“I can’t deal with this.” My husband turned and left, walking quickly down the hall and around the corner. I wouldn’t see him again for a week.

“I want to see her.”

“A nurse will come to your room to let you know when they’ve finished her testing.”


I’m in my room. Alone. How could I call anyone? What could I say? I waited for hours. For them to say I could see her. For my husband to return, For something.

The nurse brought in another woman, my new roommate, who was the Iranian Ambassador’s wife. She overflowed her bed, had just had healthy eight-pound twin boys, and was screaming. Apparently, she wanted nothing to do with them, was refusing to see them. All I wanted was to get to my daughter. I couldn’t stay in that room. I went to the smoking lounge and set up camp.


In the lounge was an enormous saltwater fish tank. Literally, the size of the wall. No one else was in there. I moved a chair over next to the tank, and, for all intents and purposes, went swimming. It was filled with brightly colored tropical fish. Attached to the bottom was a mechanized set of three dolphins which periodically leapt out of the water, dived back in. Bubbles floated serenely to the top of the water from a mystical coral castle. On a rock, just out of the water, a mermaid sunned herself under fluorescent light.

Hours passed. I followed fish. I flew with dolphins. I conversed with that stupid mermaid. I cried. I sank. I still hadn’t even thought of my daughter by name. She was ‘my daughter’ or ‘my baby.’ It was if by not naming her, she was still in my womb with the fish, swimming around, kicking and splashing as she’d done for months. Still, it was peaceful, calming as just floating in the ocean would have been. Music played softly in the background. Calypso, a John Denver song that I’d always loved. It fit the fish tank and I came up for air to realize it was almost eleven at night.

The night nurse came in. “Here you are! We’ve been looking for you. We need to lock this room up for the evening.”

I shook my head. “No. I am not going back in my room with that cow who won’t so much as touch her babies, when I can’t even see mine, when I haven’t even held mine. No.” I folded my arms, sitting there bound and determined not to leave.

She looked at me for a moment. “Wait here, I’ll be right back.”

I’d been waiting for hours anyway. She came back, apologizing for delays and mix-ups. Said to follow her. A shower, sterile clothes. Then into a room of noise. Machines bleeped and buzzed, dinged, and tocked. The music of the CCICU; a symphony of sounds keeping track of tiny heartbeats, airflow, temperature. Of life.

There, in a room of crying babies, the quiet one slept peacefully. Pink and cream, peach and mauve. The nurse bundled all her wires and leads together, lifted and enfolded her in a soft cloud of pink, and handed me, my daughter.

Finally, I was able to hold this precious child. Her eyes blinked open. Large silver-grey-blue eyes stared at me. She had such a serious expression on her face. As if she were thinking she had far too much to do than to be in this noisy room of crying baby boys. She studied me every bit as much as I marveled at her. She wrapped tiny fingers around mine. Strong.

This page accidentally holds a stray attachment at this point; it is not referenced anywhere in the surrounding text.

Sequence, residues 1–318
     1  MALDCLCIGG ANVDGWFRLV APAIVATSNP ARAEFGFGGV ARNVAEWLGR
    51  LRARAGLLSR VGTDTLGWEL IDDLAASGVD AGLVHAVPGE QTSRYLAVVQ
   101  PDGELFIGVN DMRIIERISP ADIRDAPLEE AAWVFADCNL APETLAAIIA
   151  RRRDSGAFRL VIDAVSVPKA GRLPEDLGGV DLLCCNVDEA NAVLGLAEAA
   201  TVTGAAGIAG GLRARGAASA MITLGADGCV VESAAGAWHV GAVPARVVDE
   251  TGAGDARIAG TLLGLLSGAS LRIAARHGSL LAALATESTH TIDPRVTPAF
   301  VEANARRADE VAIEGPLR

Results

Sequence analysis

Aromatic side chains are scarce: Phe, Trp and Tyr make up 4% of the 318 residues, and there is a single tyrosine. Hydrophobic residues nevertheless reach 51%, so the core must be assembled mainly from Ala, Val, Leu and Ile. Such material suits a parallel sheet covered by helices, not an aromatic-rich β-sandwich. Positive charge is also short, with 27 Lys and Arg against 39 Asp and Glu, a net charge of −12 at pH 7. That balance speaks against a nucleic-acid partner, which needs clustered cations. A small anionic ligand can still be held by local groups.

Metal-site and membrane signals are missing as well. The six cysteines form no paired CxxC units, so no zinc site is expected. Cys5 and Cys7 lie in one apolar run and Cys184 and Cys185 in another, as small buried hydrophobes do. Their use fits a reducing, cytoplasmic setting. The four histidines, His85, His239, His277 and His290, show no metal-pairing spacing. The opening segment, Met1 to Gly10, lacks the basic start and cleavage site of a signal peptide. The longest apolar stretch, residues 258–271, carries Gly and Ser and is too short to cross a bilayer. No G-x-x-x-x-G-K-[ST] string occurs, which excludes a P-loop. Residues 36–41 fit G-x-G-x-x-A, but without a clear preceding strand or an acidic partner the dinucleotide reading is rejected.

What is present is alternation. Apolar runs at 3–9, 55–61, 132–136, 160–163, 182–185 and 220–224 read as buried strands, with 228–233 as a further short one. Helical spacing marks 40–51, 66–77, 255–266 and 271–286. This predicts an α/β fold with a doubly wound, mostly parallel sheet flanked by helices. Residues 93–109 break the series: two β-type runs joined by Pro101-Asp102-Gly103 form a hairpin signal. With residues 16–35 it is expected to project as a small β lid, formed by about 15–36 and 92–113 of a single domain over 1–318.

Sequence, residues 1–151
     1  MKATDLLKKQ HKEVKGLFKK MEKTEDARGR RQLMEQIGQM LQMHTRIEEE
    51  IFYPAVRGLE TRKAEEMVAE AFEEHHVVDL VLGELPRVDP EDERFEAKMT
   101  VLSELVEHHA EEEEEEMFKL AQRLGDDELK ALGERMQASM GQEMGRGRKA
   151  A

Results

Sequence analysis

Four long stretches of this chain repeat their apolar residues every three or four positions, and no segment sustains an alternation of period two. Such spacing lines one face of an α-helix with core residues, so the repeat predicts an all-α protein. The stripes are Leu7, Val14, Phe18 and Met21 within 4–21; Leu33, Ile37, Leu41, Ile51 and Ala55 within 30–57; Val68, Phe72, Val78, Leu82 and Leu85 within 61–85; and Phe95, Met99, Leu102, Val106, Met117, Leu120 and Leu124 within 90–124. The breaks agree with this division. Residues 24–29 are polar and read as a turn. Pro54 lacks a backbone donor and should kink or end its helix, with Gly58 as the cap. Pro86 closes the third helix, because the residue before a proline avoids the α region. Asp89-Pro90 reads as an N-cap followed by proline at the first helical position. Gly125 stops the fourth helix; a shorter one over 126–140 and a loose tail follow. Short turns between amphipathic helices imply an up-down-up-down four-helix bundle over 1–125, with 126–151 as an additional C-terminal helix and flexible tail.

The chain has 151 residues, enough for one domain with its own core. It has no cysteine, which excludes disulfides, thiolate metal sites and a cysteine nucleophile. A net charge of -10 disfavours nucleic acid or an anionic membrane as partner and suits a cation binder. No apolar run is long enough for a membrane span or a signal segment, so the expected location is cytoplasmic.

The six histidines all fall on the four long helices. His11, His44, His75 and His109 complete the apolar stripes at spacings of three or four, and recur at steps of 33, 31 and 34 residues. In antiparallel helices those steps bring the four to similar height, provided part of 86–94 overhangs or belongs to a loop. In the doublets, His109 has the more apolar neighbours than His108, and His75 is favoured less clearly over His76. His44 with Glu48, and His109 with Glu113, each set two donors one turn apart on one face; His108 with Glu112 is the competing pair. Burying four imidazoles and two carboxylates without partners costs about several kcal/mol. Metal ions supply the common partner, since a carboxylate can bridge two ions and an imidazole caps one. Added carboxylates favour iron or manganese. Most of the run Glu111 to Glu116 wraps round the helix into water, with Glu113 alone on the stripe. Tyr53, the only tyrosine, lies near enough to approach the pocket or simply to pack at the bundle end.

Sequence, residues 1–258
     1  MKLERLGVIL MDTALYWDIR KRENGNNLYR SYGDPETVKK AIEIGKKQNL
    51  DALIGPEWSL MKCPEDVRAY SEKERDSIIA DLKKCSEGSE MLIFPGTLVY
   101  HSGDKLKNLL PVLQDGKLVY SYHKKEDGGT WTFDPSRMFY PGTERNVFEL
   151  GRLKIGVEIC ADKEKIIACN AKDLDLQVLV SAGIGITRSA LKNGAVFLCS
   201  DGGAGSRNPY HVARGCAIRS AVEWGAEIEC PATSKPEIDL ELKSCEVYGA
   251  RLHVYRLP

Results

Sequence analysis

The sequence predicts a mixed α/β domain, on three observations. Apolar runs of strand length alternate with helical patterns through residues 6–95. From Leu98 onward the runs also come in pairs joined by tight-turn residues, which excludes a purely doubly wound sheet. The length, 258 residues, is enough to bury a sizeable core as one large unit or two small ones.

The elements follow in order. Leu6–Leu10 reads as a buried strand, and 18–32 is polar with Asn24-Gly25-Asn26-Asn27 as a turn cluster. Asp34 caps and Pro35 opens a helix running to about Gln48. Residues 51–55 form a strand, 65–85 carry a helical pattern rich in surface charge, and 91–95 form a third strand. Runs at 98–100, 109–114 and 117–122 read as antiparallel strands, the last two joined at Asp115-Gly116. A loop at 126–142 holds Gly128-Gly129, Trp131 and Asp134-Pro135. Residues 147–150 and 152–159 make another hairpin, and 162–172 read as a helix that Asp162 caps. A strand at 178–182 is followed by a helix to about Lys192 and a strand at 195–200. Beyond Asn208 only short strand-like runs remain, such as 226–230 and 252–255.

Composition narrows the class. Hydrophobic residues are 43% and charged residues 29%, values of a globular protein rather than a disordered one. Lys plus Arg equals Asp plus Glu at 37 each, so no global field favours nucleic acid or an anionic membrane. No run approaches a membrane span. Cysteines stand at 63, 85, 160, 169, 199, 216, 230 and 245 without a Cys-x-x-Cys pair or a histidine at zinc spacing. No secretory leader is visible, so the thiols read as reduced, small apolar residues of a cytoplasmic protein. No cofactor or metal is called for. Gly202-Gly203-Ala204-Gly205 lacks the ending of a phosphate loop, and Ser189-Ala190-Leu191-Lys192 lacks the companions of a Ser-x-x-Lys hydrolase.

And I knew. Just knew, clear through. With absolutely no doubt. She was fine. She got her five percent of her five percent. I just stared right back at her. “Cara,” I said softly. “Your name is Cara and you are so beautiful. And loved. And,” I burst. Into tears. “So loved.”
The nurse nudged me. “They are ready to remove all her tubes and wires. They are going to give her some water therapy. Would you like to watch?”

Fifteen minutes later. Another room. Warm, humid. A small tank of body-temperature water. Set to her body temperature. A nurse held her, supporting her head and back but letting her arms and legs be free to move. Then rolled her over onto her stomach. Her eyes were wide and it was if she just cozied into the water.

“Look at her,” the nurse handling her exclaimed. “She’s a natural. A born dolphin you have here. Most infants take several times in the pool before they are this relaxed. “There. Hear that? She’s doing it again.”

Yes, I had heard it. Almost, but not possibly, it sounded like humming.

“She was doing that humming thing earlier. Babies don’t hum. But you daughter does!”

“I always was singing to her while I was pregnant. Or I had music playing. Yes, we got our five percent of five percent. Twelve hours old and she’s writing music,” I giggled. “Wish I could be inside her head to know what she’s singing about.”

Maybe it was about some of life’s ancient rhymes…


Wc 1896










Ancient Rhymes
John Denver

Two days before the moon was round
You felt the urge of sun's light beams
The muffled world of dolphin sound
Slipped down and back into your dreams

For nine full months that passed before
You learned of all of life's ancient rhymes
Then mother sensed a farther shore
And brought you forth into these times

So taste the air of your new world
And gently guide us to your mind
It knows the winds and sails unfurled
And holds to heart the dolphin kind

Welcome precious earthmade child
We met you first in your father's songs
And mother's smile and waters wild
It's in this place you now belong

I know you know of all these things
And feel the faith of a dolphin's sigh
For you were born on silver wings
To taste the high blown crystal sky

To sing one day to all of us
The songs you learned in dolphin lair
Giving hope to life as all we must
And teach us how their grace to share

Words and music by John Denver and Bob Samples
© Copyright 2021 Elfin (fyndorian at Writing.Com). All rights reserved.